Let’s take a look at what happens if we give our column and row tracks in the sample grid we created a dynamic width of 1fr instead of a static width of 150px:

See the Pen fr Unit 1 | CSS Grid by TheOdinProject (@TheOdinProjectExamples) on CodePen.

Notice how all of our grid items now fill up the entire width and height of the grid? Neat, right? Now, try resizing that example and see what happens. Even cooler!

We can also tell our grid items to distribute the remaining space disproportionately. For example, if we divide the 5 columns up by giving the first two a track size of 2fr and the remaining three a track size of 1fr, the first two tracks will be given twice as much remaining space as the others. Compare this example to the previous one:

See the Pen fr Unit 2 | CSS Grid by TheOdinProject (@TheOdinProjectExamples) on CodePen.

In this example, there’s a lot going on in our grid-template-columns, but take a minute to understand what is written:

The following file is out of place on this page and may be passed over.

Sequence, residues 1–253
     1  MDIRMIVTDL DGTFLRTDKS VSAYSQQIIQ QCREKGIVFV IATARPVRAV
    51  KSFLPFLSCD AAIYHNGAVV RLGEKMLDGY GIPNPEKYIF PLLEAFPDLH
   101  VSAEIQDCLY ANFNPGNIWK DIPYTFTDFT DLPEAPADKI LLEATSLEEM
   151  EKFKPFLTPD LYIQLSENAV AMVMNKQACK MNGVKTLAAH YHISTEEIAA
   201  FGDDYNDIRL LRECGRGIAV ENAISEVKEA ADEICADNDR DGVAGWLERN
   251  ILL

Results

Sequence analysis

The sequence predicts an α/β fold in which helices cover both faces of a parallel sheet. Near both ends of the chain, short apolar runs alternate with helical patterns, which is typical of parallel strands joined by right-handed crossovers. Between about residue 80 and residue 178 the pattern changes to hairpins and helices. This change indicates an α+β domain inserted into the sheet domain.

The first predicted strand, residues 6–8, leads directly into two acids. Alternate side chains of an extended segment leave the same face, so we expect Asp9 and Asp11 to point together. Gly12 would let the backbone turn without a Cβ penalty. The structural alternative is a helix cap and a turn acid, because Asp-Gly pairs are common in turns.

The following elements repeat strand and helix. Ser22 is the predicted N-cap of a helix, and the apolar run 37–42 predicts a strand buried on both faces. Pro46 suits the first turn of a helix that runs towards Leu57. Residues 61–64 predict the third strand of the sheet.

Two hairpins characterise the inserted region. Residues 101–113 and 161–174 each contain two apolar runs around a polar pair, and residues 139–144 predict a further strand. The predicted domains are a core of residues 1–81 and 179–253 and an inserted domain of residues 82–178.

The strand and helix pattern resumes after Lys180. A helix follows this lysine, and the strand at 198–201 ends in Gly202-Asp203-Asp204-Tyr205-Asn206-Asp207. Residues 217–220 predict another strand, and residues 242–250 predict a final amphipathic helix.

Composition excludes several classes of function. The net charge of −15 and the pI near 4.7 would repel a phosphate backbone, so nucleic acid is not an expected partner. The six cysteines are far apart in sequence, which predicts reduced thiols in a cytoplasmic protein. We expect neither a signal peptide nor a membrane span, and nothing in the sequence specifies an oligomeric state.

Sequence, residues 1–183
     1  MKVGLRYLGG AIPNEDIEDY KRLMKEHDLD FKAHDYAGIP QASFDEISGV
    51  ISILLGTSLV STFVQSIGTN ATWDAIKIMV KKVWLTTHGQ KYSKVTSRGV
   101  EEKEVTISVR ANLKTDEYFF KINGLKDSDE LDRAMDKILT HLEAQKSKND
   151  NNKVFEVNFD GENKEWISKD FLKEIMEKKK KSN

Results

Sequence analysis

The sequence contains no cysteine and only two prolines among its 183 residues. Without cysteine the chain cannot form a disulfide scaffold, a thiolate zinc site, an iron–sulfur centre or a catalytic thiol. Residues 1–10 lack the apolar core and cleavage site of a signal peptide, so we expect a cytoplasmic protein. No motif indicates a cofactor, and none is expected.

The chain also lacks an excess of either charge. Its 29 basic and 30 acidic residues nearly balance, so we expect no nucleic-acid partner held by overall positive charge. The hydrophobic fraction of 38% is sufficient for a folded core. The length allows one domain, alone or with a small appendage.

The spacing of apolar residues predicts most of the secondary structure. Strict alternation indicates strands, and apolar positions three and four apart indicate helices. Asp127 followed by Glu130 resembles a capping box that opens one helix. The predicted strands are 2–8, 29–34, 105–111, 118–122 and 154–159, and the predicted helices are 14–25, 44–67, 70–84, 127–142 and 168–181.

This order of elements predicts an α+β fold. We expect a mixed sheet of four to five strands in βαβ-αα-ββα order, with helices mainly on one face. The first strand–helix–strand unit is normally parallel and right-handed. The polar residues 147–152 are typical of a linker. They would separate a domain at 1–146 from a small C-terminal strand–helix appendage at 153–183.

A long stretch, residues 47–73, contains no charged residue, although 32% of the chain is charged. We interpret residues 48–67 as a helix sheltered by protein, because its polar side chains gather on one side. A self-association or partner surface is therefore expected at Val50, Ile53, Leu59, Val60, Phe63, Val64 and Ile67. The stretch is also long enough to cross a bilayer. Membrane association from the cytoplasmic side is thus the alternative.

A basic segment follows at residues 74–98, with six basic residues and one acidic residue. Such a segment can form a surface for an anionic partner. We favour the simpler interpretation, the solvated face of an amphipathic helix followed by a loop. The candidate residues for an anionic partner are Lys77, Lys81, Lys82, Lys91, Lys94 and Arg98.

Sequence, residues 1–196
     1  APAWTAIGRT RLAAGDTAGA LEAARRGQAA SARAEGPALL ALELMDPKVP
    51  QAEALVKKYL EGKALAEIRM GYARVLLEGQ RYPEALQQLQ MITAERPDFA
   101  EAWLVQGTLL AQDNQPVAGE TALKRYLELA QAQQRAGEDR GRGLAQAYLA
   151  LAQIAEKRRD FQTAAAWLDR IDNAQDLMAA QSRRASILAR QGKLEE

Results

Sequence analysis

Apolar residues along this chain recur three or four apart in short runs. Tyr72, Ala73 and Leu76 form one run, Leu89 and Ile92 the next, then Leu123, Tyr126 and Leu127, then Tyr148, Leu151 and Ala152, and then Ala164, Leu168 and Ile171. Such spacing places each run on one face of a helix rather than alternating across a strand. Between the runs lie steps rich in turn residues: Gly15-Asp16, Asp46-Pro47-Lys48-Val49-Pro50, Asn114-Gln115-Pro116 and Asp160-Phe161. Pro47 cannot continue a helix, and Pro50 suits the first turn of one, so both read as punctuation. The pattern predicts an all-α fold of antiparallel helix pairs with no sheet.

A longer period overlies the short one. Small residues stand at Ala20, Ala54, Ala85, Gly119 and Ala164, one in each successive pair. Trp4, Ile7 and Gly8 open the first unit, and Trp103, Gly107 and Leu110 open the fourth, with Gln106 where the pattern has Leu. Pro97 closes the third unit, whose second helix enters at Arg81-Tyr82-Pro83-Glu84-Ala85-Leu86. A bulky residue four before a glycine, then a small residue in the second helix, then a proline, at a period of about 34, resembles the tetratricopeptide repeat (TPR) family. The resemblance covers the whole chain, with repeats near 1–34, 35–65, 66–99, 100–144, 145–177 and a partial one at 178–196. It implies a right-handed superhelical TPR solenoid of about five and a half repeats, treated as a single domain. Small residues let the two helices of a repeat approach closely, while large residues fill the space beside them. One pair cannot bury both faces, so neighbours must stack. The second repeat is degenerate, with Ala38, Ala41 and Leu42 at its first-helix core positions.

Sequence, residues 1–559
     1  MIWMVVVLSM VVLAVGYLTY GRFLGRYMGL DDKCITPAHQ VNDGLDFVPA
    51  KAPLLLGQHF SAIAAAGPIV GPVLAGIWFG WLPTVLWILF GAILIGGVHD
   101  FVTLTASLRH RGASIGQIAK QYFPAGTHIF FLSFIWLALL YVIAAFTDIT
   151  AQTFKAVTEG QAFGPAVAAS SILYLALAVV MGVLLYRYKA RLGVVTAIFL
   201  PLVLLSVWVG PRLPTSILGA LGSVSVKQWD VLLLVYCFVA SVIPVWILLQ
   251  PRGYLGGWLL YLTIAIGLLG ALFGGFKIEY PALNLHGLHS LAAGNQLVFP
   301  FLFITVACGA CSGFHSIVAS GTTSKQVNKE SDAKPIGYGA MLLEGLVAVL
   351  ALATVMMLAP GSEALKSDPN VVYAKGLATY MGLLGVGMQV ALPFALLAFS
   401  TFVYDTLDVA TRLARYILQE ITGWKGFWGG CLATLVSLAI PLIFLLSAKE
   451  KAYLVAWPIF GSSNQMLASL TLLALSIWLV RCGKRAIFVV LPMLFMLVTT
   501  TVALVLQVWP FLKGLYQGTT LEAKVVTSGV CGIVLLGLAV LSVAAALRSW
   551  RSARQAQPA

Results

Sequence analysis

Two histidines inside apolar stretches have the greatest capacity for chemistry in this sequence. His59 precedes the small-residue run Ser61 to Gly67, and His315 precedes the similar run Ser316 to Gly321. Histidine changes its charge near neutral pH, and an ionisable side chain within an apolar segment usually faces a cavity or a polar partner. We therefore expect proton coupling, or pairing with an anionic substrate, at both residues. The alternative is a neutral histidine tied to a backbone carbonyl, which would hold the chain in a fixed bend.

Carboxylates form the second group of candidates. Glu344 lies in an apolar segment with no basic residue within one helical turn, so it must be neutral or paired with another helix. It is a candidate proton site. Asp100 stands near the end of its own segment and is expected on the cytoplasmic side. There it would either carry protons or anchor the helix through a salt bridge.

grid-template-columns: repeat(2, 2fr) repeat(3, 1fr);

We continue to use the repeat() function here, but this could be written the old-fashioned way too!

The key here is that the first two columns are assigned 2fr units and the remaining three are assigned 1fr. This means that as the grid grows and shrinks dynamically, the space will be distributed in different amounts between these columns, specifically, twice as many pixels to the first two columns as the remaining three.

Notice that when you resize, the grid items grow proportionately to how many fr units they are allocated, as mentioned above.

You can also mix static units (like px) and dynamic units (like fr):

See the Pen fr and px Units | CSS Grid by TheOdinProject (@TheOdinProjectExamples) on CodePen.

You may have noticed at this point that when you resize the grid as large as possible, there is no limit to how large the grid items will become. However, when you resize it as small as possible, there is a distinct “smallest” size the grid will allow its items to go. In this case, it’s the smallest size either the <p> or <img> element can be without overflowing. This breakpoint is the item’s min-content value. This CSS keyword is very useful, but it is beyond the scope of this lesson. For more info, check out the docs.